United States President Barack Obama has reinstated Mali’s eligibility for the African Growth and Opportunity Act (AGOA), effective January 1, 2014.
Much like the U.S.’s Generalized System of Preferences program (GSP), the AGOA extends duty-free access to U.S. markets for nearly all goods produced in beneficiary countries, covering about 6,800 products in total.
The U.S. government reviews AGOA eligibility on an annual basis. Now that Mali has been added to the list, the AGOA includes forty of the forty-nine countries in sub-Saharan Africa potentially eligible for preferred trade status for 2014.
U.S. Trade Representative Michael Froman celebrated both the inclusion of Mali in particular and the success of AGOA in general. He said, “We believe that AGOA has enhanced economic progress, promoted stability, and improved the business environment for the benefit of both African and American firms. We welcome the progress that Mali has made and look forward to further engagement with AGOA beneficiary countries.”
Mali was disqualified for inclusion in March 2012 after a government coup raised concerns about its commitment to civil freedom. However, it democratically elected a new president in July 2013, raising the chances that it could become a beneficiary again in 2014. Mali President Keita has won international praise for introducing a bevy of market reforms, battling rampant corruption in the public sector, bolstering the rule of law and making progress addressing grave human rights concerns.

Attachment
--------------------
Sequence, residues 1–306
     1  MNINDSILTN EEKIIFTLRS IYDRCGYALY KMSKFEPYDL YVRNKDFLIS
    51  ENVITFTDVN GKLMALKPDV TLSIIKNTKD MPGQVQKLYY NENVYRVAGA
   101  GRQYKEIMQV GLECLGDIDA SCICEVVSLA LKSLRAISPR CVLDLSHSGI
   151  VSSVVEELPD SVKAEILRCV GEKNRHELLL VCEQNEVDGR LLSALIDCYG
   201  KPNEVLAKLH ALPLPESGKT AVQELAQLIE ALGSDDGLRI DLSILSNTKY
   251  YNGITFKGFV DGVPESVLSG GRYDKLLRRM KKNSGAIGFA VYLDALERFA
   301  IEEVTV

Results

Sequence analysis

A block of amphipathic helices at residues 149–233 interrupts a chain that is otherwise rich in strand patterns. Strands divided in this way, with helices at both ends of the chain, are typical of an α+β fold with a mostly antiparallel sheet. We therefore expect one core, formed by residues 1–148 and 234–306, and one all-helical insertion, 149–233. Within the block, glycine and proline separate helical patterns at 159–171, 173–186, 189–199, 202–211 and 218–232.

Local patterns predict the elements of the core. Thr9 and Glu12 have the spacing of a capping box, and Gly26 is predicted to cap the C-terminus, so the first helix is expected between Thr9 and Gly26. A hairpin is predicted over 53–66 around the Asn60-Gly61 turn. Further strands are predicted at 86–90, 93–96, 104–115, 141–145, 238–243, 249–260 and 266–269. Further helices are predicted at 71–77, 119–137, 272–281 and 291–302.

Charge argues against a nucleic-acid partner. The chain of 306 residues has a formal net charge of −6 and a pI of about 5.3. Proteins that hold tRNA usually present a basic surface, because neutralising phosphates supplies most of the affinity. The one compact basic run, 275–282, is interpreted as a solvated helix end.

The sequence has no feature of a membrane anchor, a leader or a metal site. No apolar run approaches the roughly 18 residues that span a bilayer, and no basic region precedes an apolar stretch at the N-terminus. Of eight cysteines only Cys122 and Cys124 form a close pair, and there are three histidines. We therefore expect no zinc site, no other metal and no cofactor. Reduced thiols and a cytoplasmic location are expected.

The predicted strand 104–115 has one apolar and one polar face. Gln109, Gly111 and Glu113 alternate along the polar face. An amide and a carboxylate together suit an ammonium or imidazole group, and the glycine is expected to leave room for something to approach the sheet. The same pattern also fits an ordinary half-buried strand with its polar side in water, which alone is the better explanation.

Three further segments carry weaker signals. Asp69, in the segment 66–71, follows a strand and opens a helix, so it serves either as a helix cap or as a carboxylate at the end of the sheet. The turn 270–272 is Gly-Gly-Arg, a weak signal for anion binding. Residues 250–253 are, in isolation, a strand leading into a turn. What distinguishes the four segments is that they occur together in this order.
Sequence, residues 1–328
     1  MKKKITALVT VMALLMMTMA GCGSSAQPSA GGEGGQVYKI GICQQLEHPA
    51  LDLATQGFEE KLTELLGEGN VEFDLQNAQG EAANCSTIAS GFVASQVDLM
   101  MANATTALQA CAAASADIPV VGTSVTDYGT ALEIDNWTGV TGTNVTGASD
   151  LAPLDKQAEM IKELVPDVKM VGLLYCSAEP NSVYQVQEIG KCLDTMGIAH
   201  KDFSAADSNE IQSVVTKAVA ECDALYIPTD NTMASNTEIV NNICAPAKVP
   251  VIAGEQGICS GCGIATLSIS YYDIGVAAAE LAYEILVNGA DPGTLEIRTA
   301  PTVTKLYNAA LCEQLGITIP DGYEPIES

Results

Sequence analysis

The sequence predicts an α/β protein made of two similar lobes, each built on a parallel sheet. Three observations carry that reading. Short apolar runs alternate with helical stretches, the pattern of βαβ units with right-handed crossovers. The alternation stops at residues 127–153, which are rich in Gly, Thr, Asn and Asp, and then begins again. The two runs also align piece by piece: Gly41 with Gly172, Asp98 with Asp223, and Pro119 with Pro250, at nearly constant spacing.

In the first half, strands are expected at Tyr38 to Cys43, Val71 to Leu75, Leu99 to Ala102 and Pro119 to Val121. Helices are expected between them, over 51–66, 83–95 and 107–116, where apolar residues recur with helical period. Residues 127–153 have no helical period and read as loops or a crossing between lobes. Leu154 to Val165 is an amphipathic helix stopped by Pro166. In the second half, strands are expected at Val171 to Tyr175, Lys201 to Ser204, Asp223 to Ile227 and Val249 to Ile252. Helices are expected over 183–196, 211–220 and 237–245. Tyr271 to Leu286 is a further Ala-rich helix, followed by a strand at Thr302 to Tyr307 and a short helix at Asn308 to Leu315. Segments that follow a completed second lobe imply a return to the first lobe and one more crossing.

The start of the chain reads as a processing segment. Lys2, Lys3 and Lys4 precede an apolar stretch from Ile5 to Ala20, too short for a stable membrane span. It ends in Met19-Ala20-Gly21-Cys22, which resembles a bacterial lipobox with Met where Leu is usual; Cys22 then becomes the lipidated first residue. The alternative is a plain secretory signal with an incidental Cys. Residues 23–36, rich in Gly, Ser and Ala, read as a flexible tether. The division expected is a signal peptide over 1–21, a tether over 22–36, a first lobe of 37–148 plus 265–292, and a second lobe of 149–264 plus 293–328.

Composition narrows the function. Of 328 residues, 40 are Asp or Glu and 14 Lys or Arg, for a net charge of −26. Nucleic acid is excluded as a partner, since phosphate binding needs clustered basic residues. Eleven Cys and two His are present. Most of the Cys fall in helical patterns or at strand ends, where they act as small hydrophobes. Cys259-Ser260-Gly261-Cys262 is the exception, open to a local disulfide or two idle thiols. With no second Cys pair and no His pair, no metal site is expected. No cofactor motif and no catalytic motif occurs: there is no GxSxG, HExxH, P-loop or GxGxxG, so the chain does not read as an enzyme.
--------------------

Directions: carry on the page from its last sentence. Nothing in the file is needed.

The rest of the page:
Originally signed into law in 2000 by then-U.S. President Bill Clinton, the AGOA is generally interpreted as an important spur to trade between the U.S. and sub-Saharan nations. Many experts estimate that the program has led to the creation of as many as 300,000 jobs in Africa.
U.S. imports from AGOA nations totaled $70.6 billion in 2011, an astonishing 59 percent increase over the previous year. More than 93 percent of all AGOA products entered the U.S. market duty-free during that period.
As a whole, Africa’s economy grew approximately 5 percent in 2013, according to the International Monetary Fund (IMF). Africa’s exports, according to statistics issued by the World Bank, has spiked by more than 200 percent over the last ten years. Still, the continent has suffered from the lack of a sophisticated industrial base and the productive capacity necessary to remain competitive. The current demand for fabric, especially in the sub-Saharan market, far exceeds its present production capacity and supply.
The AGOA has called for further regional investment in weaving, spinning and dyeing. The AGOA’s proposed strategies have produced particularly impressive results in Ethiopia.
In May, Swaziland is scheduled to undergo its review to become an AGOA beneficiary. Its future status hinges on whether it has demonstrated progress in addressing its violation of workers’ rights.